Sunday, June 5, 2016

Katatonia - The Fall of Hearts

While I haven't encountered a bad Katatonia album yet, I can't say I awaited their latest release with any real anticipation. The band reached a second career peak with Last Fair Deal Gone Down, Viva Emptiness, and The Great Cold Distance then seemed to coast on that sound with two decent but samey follow-ups and an acoustic remake of the second that came off as a glorified bonus disc. The band must have realized a need to shake things up on their newest release, because The Fall of Hearts feels fresh and eclectic, a progression rather than a retread of what made those earlier albums great.

Takeover opens the album with a distinctly proggy feel. The rhythm guitar that kicks in over Renske's mellow vocals is a clear nod to Tool as the song ambles on for a seven minute runtime without losing focus. Not a total break from form, but far from the concise, punchy opener we're used to. They save that for the second track, Serein, which has single written all over it and one of the catchier choruses on the album with some stiff competition.

The next track, Old Heart Fails, returns to prog territory with a bassline and vocal melodies that evoke Riverside before shifting into a hard-hitting moody chorus that's become Katatonia's trademark. If The Fall of Hearts accomplishes one thing above all else, it's being moody without being monotone. Doom and gloom are still the dominant themes, but with a healthy measure of nuance, catharsis, and relief. This album is the band's longest yet, which would have been its downfall if it had stuck with the monotone soundscape of the last few Katatonia records.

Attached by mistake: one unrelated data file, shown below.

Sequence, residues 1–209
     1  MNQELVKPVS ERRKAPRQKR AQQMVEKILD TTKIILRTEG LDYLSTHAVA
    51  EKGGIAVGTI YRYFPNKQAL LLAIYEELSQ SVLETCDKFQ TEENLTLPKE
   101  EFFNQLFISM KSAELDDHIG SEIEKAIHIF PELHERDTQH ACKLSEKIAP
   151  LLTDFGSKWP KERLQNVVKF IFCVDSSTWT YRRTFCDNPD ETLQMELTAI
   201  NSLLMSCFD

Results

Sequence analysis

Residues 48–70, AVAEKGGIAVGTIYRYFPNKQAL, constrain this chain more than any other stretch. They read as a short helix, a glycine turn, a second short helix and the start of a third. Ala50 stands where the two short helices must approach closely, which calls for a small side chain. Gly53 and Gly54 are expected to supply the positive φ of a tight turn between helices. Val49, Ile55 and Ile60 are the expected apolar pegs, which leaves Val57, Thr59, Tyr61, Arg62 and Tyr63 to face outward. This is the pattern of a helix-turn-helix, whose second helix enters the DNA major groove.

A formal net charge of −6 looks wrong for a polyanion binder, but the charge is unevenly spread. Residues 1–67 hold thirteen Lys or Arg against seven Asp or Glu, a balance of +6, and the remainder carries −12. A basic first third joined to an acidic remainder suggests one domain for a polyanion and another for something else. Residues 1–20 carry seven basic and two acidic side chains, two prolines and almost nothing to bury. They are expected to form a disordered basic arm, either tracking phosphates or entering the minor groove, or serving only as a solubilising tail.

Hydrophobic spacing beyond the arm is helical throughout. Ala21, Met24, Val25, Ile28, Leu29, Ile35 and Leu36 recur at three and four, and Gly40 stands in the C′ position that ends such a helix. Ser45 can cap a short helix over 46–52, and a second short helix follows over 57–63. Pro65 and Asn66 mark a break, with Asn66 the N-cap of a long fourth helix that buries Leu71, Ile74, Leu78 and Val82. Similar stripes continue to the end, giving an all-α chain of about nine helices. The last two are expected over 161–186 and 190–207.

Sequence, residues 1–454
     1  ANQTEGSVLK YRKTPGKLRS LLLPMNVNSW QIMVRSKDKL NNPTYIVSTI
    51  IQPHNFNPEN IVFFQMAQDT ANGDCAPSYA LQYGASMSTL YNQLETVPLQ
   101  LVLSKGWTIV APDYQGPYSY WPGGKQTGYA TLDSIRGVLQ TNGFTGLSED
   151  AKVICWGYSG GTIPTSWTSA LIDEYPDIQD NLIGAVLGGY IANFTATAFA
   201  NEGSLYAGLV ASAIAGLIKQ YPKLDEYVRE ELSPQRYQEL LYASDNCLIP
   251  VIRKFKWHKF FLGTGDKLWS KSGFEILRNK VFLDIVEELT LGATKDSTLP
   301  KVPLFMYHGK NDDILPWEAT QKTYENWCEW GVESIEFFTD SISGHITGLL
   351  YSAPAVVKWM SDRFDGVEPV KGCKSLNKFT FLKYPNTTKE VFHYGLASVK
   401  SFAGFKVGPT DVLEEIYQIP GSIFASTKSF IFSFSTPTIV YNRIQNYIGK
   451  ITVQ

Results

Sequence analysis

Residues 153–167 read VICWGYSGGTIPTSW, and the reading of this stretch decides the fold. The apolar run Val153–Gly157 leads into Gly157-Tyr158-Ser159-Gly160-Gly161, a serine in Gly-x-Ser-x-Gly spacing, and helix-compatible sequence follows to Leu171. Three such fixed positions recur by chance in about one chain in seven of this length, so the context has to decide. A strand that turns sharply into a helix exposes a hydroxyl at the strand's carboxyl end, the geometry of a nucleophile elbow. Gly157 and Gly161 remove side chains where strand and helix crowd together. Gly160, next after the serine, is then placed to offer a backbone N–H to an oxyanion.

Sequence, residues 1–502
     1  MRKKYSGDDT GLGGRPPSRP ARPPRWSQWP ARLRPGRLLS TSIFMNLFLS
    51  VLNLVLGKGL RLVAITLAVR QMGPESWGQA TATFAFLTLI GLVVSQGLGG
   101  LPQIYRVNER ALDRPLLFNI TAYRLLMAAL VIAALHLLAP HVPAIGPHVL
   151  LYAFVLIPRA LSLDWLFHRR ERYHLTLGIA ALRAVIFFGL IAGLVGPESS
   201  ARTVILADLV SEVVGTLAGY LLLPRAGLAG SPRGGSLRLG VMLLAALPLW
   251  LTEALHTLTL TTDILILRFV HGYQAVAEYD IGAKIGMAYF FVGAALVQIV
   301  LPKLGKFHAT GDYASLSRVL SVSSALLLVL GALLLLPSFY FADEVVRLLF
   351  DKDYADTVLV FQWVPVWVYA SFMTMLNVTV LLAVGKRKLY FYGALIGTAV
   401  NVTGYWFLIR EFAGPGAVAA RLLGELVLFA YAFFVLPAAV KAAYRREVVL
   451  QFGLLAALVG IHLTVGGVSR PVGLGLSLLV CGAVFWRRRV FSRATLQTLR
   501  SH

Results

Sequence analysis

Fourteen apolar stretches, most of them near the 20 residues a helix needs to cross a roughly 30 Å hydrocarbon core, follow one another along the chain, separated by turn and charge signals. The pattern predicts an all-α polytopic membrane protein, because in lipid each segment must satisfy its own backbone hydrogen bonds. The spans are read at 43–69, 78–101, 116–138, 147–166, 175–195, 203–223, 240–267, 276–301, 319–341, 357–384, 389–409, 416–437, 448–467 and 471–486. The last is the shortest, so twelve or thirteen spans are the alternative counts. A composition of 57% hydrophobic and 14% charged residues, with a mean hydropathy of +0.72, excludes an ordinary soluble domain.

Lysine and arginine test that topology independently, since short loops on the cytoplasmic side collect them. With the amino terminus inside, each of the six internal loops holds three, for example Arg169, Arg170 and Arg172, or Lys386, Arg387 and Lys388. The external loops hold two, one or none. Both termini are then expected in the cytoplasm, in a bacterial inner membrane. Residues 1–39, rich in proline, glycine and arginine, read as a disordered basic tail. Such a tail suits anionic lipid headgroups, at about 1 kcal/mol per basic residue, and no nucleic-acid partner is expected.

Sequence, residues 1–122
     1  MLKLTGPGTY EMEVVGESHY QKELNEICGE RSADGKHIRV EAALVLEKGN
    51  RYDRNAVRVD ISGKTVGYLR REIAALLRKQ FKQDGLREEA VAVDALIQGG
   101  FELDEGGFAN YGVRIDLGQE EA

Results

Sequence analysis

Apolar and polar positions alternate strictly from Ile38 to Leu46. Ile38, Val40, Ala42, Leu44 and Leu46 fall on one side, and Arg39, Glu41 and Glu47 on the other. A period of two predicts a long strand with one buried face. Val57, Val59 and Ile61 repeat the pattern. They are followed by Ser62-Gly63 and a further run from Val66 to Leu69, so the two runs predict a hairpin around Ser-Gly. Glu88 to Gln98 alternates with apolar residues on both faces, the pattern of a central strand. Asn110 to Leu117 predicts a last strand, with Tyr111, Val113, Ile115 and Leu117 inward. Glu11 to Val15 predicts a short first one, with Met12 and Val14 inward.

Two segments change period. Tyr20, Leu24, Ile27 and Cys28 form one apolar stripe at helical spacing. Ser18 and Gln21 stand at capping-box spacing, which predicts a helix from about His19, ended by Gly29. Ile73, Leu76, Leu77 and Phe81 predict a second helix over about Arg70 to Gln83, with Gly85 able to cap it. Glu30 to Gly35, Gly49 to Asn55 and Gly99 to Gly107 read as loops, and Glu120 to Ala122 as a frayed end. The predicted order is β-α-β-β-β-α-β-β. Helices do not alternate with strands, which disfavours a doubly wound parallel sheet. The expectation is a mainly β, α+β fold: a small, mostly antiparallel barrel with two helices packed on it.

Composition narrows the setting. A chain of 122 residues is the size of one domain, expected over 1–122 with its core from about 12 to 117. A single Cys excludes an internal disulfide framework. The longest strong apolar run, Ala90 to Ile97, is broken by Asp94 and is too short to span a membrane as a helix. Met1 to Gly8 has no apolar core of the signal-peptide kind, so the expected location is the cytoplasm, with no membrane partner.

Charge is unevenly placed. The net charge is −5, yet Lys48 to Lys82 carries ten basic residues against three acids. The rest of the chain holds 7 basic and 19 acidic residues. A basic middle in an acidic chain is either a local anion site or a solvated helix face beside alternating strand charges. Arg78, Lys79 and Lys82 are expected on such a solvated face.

Because of that length, I'll focus on what stood out instead of getting into every track. Serac serves as a thematic sequel to Serein and feels like the kind of single that would have fit right in on The Great Cold Distance and Night is the New Day. Decima through Residual have a slow-burning alternation between heavy and soft reminiscent of Soen. The number of prog bands this review has me name-dropping makes me wonder if Jonas Renske took a few lessons from his collaboration with The Pineapple Thief's Bruce Soord a few years back.

The last few tracks end the album on a somber note with some of its most touching moments. The atmospheric string passages really help shake things up and provide a nice contrast to the heavy riffs that pop up in unexpected places. Passer is the most energetic the band has sounded in years. The only downside is that there's a jarring multiple ending effect. Any one of the last four tracks would have made an effective closer and the album would have felt complete. Individually there's not a weak track to be found, but several tracks take time and multiple listens to grow on you, and even with the relative variety by Katatonia standards, it's a tough album to get through in one sitting.

Overall The Fall of Hearts isn't Katatonia's best record, but it's a big step in the right direction and a promising sign that the band is far from done.

Final Verdict:


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